“Trump Upends Coalition”: How The Bathroom Controversy Exposes Rifts In The Increasingly Fragile Republican Coalition
It wouldn’t be an election without a good dose of culture-war sexual politics, and now Donald Trump and Ted Cruz are arguing about bathrooms. Specifically, the question of the law that North Carolina passed — mandating that transgender people use not the bathroom of their identity but of the sex written on their birth certificate — is now a part of the presidential campaign. When Trump was asked about it yesterday, he gave a perfectly sensible answer — but it was the wrong one. And in doing so, he highlighted just how fragile his impending nomination makes the complicated Republican coalition.
Trump said there was little controversy before the law was passed, and the measure has done nothing but hurt North Carolina economically. Businesses including American Airlines, Facebook and Google have condemned the measure, and the National Basketball Association hinted it might relocate next year’s all-star game from Charlotte.
“You leave it the way it is. There have been very few complaints the way it is. People go, they use the bathroom that they feel is appropriate. There has been so little trouble,” Trump said on NBC’s “Today” show Thursday. “And the problem with what happened in North Carolina is the strife and the economic. … I mean, the economic punishment they’re taking.”
Trump’s comments were met with fierce opposition from Cruz, who defended the law last week.
Cruz seems positively giddy to be able to talk about this issue. He describes the idea of transgender women using women’s rooms as, “Men should be able to go into the girls’ bathroom if they want to.” You’ll notice the contrast of “men” and “girls,” used so that you’ll think this is some sort of issue about pedophiles preying on children. To emphasize the point, he concludes, “Grown adult men — strangers — should not be alone in a bathroom with little girls.”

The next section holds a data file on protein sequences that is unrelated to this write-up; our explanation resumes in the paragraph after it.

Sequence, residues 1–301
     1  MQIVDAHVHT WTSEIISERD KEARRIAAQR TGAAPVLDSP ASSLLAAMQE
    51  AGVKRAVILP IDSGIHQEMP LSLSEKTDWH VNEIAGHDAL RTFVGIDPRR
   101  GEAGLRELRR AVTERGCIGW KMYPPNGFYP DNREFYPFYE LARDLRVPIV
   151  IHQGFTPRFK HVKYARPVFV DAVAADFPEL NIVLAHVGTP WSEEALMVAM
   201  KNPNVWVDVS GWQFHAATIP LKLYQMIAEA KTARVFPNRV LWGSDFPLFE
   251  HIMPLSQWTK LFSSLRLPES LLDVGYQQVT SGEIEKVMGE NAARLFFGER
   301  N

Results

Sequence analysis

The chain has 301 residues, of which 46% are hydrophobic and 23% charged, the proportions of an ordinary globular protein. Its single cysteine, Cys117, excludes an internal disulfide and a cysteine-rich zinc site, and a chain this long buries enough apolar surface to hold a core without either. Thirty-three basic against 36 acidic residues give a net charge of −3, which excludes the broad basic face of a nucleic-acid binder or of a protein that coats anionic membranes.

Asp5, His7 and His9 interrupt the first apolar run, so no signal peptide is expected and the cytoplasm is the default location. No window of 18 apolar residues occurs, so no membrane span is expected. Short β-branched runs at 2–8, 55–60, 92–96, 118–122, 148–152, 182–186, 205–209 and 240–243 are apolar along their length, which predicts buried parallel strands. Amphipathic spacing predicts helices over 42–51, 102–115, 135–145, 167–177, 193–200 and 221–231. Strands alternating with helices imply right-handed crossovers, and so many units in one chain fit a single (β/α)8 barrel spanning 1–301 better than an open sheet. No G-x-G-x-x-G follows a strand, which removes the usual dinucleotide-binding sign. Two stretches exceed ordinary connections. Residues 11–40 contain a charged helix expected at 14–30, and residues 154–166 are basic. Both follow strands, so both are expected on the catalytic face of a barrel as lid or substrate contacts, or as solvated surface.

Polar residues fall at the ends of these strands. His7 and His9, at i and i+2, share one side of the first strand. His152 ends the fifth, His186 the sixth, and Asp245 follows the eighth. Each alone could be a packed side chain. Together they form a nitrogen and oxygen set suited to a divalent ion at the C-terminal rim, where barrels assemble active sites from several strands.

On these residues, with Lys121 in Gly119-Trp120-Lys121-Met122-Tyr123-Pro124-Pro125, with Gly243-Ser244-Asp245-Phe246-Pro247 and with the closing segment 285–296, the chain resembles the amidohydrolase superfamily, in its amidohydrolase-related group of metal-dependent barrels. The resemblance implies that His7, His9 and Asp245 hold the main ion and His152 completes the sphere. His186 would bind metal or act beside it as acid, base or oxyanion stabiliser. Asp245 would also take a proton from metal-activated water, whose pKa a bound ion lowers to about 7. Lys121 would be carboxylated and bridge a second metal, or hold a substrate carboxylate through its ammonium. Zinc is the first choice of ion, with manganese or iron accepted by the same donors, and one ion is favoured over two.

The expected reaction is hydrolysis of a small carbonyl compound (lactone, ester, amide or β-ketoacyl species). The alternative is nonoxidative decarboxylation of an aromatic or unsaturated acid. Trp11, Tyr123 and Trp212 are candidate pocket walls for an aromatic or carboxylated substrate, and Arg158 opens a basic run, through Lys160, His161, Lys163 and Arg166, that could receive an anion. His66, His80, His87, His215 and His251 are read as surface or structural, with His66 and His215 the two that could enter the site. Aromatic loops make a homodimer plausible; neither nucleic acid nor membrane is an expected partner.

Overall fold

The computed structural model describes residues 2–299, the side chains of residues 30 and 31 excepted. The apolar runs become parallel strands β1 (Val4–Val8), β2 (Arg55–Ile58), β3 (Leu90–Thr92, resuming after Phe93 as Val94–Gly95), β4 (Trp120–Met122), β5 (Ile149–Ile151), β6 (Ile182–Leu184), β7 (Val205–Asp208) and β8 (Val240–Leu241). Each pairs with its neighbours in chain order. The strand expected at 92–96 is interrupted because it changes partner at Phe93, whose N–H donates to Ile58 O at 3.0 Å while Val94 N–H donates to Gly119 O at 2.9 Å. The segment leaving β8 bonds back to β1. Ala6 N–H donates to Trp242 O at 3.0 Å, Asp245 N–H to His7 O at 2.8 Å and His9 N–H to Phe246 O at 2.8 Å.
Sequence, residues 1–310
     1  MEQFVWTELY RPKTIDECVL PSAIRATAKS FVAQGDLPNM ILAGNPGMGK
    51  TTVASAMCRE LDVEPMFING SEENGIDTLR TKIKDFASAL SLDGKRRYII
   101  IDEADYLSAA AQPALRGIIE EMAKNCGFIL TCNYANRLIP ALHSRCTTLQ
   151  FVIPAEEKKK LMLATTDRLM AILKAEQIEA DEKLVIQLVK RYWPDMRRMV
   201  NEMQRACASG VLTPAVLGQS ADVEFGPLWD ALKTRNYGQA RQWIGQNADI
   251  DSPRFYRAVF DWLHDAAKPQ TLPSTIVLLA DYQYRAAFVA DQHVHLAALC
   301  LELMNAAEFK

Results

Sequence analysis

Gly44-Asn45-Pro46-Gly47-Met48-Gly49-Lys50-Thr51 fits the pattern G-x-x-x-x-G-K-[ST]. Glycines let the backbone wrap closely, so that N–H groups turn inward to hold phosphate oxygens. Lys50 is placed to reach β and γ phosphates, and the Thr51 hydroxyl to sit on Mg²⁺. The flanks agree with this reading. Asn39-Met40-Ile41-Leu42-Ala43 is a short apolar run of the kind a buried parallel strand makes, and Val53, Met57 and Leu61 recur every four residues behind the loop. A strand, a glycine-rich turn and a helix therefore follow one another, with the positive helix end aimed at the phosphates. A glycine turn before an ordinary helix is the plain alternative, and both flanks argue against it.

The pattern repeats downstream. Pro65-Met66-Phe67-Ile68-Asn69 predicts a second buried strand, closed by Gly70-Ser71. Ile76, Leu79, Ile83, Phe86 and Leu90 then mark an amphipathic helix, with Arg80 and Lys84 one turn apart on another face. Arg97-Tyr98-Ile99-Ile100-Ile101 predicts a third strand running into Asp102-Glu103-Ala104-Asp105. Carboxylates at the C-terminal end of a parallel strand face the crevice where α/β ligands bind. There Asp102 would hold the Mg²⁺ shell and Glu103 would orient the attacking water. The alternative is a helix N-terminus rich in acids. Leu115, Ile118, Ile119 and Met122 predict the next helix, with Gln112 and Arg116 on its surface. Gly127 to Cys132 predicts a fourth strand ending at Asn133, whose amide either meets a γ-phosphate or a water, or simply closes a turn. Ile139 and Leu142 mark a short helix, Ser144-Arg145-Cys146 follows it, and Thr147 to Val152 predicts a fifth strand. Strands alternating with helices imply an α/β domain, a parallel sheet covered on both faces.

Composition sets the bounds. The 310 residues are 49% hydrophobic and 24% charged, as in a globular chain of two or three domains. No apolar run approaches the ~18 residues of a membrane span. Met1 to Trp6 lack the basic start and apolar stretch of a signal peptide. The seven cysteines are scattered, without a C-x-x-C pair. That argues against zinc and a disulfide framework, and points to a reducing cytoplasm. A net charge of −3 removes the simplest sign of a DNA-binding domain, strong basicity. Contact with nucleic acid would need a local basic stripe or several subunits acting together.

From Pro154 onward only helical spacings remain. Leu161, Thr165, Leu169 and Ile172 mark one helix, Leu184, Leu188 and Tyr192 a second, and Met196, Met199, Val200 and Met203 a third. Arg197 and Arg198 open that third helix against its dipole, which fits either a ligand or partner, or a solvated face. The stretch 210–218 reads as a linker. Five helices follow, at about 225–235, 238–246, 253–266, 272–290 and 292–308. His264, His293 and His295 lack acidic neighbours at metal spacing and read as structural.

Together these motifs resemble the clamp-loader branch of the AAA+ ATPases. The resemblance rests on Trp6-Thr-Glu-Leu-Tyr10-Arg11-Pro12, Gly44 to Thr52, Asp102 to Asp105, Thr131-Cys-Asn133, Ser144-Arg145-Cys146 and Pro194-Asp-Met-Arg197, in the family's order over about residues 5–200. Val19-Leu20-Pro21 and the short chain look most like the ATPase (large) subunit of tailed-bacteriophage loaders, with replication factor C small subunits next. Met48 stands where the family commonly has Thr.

I won’t even bother refuting that rancid fear-mongering, except to say that the legislators in North Carolina were unable to cite a single case where a transgender woman assaulted someone in a bathroom in North Carolina, let alone any “little girls.”
But now Trump is gingerly walking back his statement, saying that the question should be decided at the local level, which is the best he can do to make Republican culture warriors less suspicious of him. And that’s where we get to the nature of the GOP coalition, which Trump doesn’t quite seem to grasp.
There was always an implicit bargain within that coalition, one that said that even if various kinds of conservatives had different priorities, they would sign on to each other’s agendas. The supply-siders would say that unfettered gun rights are deeply important, even if most of them don’t actually own guns. The antiabortion crusaders would say that military spending should always be increased. The neoconservatives would praise tax cuts for the wealthy. It’s a circle of interdependence and common cause, and to a great degree, they all came to believe in each other’s positions, even if they didn’t agree on what the top priority for the party should be.
But Trump has upended this bargain, partly because he has nothing resembling a coherent ideology, but also because he doesn’t appreciate the need to keep the coalition together. There are some issues, such as guns, where Trump has adopted the standard Republican position (without a trace of evident sincerity). But on others, he has been willing to anger parts of the Republican coalition. Perhaps it’s because of a careful calculation about what will play well in the general election, but I suspect it’s more impulsive — since Trump didn’t rise through Republican politics, he doesn’t have an intuitive sense of what’s important to which conservatives and what will make them angry.